The gateway 504, the media processors 506, and/or the media devices 508 can utilize tethered interface technologies (such as coaxial, phone line, or power line wiring) and/or can operate over a common wireless access protocol, such as Wireless Fidelity (WiFi). With these interfaces, unicast communications can be invoked by the gateway 504 and/or the media processors 506 from the subsystems of the IPTV media system for services, such as video-on-demand (VoD), browsing an electronic programming guide (EPG), or other infrastructure services.

Some of the network elements of the IPTV media system 500 can be coupled to one or more computing devices 530. The computing devices 530, or a portion thereof, can operate as a web server for providing portal services over an Internet Service Provider (ISP) network 532 to wireline media devices 508 or wireless communication devices 516 (e.g., cellular phone, laptop computer, etc.) by way of a wireless access base station 517. The base station 517 can operate according to common wireless access protocols such as WiFi, or cellular communication technologies (such as GSM, CDMA, UMTS, WiMAX, Software Defined Radio or SDR, and so on).

In one embodiment, a satellite broadcast television system can be used in place of, or in addition to, the IPTV media system 500. In this embodiment, signals transmitted by a satellite 515 carrying media content can be intercepted by a common satellite dish receiver 531 coupled to the building 502. Modulated signals intercepted by the satellite dish receiver 531 can be transferred to the media processors 506 for decoding and distributing broadcast channels to the media devices 508. The media processors 506 can be equipped with a broadband port to the IP network 532 to enable services such as VoD and EPG described above.

In yet another embodiment, an analog or digital broadcast distribution system, such as cable TV system 533, can be used in place of, or in addition to, the IPTV media system described above. In this embodiment, the cable TV system 533 can provide Internet, telephony, and interactive media services.

It is contemplated that the present disclosure can apply to any present or next generation over-the-air and/or landline media content services system. In one embodiment, an IP Multimedia Subsystem (IMS) network architecture can be utilized to facilitate the combined services of circuit-switched and packet-switched systems in delivering the media content to one or more viewers.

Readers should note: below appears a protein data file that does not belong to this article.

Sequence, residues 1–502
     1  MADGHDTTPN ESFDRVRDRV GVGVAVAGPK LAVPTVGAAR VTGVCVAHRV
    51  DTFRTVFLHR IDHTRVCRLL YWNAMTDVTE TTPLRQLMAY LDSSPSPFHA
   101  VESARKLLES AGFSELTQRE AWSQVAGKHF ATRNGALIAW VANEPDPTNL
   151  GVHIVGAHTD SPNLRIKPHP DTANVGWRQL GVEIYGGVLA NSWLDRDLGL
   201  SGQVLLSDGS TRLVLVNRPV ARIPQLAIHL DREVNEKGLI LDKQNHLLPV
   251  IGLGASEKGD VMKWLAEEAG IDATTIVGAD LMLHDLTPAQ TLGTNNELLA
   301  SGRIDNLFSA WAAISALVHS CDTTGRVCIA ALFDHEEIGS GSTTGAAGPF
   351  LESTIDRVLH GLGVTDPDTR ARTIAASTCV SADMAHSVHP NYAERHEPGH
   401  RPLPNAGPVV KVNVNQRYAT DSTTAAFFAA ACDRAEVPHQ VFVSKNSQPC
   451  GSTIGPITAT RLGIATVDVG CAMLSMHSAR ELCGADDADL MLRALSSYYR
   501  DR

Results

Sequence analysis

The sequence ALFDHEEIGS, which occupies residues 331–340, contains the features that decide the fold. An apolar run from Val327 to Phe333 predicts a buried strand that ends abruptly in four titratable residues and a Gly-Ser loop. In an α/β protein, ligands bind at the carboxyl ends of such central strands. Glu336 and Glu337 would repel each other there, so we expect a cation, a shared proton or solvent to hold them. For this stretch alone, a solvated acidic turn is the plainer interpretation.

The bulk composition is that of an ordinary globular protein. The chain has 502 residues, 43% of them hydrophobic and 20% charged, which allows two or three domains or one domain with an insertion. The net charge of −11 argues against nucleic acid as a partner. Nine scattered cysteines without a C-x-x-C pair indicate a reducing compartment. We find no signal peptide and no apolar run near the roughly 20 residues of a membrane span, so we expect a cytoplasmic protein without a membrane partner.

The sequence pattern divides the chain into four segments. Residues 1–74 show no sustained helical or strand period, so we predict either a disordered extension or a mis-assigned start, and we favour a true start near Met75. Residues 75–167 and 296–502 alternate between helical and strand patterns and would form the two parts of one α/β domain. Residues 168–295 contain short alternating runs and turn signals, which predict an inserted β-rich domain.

In one embodiment, the computing devices 530 can include a controller 580 for processing the data captured by the range camera 140 and/or the vision camera(s) 150 of camera system 125. The controller 580 can receive a depth map captured by the range camera 140 and can generate a disparity map from the data in the depth map. The controller 580 can determine the accuracy of the depth map pixels using the disparity map and a confidence map, which was generated by the range camera 140. The controller 580 can adjust inaccurate pixels of the depth map based on a cost function that has been defined for the depth map, such as through use of a graph-cut or belief-propagation process. The adjusted depth map can then be utilized for generating 3D media content, such as in combination with the intensity map of the range camera 140 and/or the left and right image pairs captured by the vision cameras 150. In one embodiment, the computing devices 530 provide the various data, including the adjusted depth map, to a processor (such as display device 508, STB 506, and/or gateway 504) at the building 502 for generating the 3D images. In another embodiment, the computing devices generate the 3D media content and transmit the 3D media content to the building 502 for presentation on the display device 508.